BLOOD JUNKIES *** UK 1993 Dir: Bruce Naughton. 59 mins
Shot in 16mm on a real Scottish council estate with a crew apparently paid in Brie sandwiches, this ambitious early 90’s vampire picture was inspired by writer-director Naughton’s hatred of Coppola’s BRAM STOKER’S DRACULA and funded from a combination of grants, credit cards – and £500 from the Scottish Film Council. A bum deal with an American “distributor” that turned out to be a horror-suppressing fundamentalist Christian group (!) rendered it M.I.A. for decades. The discovery of a cutting-copy video tape (minus a few reels) in a crew member’s attic led to a public screening and YouTube release in 2019. It’s a fascinating time capsule genre piece, made before TRAINSPOTTING and a mini-cycle of late-90’s gritty indie horrors like I ZOMBIE: an intelligent juxtaposition of traditional Gothic vampire tropes with a parable for the AIDS epidemic and an angry condemnation of a system happier to let people die rather than reach out and help.
After some atmospheric initial period-set scenes accompanied by authentic howling Scottish winds, this picks up in the modern day, where something is killing and feeding on tower block heroin junkies. In the process, the culprit – Sean Hay’s articulate, bald ancient vampire – is wiping out any diseases in the bloodstream of victims (“It’s like she’s got reverse AIDS!”). In this suitably grim portrait of early 90’s Edinburgh, a sleazy sergeant writes off the victims as “dregs” and “losers” and unenthused topless women gyrate miserably to rubbish contemporary music in the world’s most depressing pubs. Smart, sympathetic GP Mary Goonan is a rare glimmer of hope, reaching out to the most vulnerable people fucked over by the system while students laugh at condom demos and words like “genitals” during sincere attempts at safe sex education. A shade less interesting when it pauses for genre-standard explanations of vampire mythology, this showcases a striking, bare-chested performance from Hay, whose activities prove far less cruel than the grinding poverty to which his victims would otherwise be subjected. A shame this vivid portrait of a specific place and time has been buried so long, as the flatlining 90’s British vampire movie would have been enriched by its take on age-old themes.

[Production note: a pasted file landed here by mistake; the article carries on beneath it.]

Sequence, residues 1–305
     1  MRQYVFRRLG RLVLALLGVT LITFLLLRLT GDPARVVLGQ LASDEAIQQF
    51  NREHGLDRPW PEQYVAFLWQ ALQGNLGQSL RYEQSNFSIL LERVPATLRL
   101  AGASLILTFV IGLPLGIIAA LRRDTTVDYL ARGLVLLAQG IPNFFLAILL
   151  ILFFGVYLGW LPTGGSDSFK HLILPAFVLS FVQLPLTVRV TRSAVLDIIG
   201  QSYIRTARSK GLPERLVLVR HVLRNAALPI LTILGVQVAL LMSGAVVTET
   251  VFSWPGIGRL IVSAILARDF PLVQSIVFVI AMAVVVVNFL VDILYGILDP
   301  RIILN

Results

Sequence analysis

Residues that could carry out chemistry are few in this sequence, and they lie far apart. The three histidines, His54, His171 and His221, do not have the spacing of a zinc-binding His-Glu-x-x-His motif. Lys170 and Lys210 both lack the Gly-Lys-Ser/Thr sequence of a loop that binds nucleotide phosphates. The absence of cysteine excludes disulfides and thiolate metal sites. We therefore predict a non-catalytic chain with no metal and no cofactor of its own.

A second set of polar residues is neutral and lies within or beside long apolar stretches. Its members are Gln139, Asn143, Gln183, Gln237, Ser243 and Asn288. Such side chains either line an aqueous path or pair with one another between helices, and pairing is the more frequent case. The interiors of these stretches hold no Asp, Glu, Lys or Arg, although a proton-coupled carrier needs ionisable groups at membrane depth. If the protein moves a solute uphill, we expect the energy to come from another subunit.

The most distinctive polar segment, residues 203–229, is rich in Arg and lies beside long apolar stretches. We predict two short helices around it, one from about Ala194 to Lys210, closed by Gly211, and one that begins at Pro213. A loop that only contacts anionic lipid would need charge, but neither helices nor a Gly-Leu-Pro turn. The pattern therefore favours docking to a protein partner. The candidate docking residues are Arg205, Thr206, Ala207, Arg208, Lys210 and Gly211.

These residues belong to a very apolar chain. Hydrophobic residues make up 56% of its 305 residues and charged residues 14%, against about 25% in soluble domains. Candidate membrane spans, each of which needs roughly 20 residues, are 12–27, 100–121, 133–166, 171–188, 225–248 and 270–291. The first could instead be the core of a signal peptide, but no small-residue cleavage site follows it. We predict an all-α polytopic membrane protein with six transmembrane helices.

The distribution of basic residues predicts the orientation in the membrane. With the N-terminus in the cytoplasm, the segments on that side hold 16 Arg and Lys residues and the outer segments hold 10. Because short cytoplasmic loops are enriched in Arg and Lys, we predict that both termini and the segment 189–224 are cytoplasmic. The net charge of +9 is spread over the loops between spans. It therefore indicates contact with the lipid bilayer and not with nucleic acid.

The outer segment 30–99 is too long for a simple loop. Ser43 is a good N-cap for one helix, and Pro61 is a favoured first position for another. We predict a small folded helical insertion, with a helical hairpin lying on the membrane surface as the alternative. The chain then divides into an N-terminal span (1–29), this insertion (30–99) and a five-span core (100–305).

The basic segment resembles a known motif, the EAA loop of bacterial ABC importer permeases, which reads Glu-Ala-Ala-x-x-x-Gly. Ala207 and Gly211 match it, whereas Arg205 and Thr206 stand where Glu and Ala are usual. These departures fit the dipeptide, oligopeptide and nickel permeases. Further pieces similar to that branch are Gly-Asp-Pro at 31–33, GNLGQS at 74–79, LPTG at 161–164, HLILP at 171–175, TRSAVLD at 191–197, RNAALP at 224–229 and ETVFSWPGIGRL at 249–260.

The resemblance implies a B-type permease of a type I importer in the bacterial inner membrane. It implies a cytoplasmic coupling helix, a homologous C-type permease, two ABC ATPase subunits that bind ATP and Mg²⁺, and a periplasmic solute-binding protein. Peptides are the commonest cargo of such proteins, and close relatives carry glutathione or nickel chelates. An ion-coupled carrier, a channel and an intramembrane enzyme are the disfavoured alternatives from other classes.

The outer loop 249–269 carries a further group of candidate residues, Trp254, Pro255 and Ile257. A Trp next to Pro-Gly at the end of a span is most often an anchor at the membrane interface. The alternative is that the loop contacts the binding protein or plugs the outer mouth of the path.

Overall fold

Review by Steven West